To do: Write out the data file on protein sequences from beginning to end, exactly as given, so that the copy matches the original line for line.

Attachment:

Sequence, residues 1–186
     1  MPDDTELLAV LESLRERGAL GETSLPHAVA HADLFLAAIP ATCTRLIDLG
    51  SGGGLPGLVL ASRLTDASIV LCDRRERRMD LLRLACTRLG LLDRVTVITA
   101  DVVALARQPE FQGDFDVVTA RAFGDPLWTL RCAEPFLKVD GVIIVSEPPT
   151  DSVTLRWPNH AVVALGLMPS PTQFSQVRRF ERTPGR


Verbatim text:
Sequence, residues 1–186
     1  MPDDTELLAV LESLRERGAL GETSLPHAVA HADLFLAAIP ATCTRLIDLG
    51  SGGGLPGLVL ASRLTDASIV LCDRRERRMD LLRLACTRLG LLDRVTVITA
   101  DVVALARQPE FQGDFDVVTA RAFGDPLWTL RCAEPFLKVD GVIIVSEPPT
   151  DSVTLRWPNH AVVALGLMPS PTQFSQVRRF ERTPGR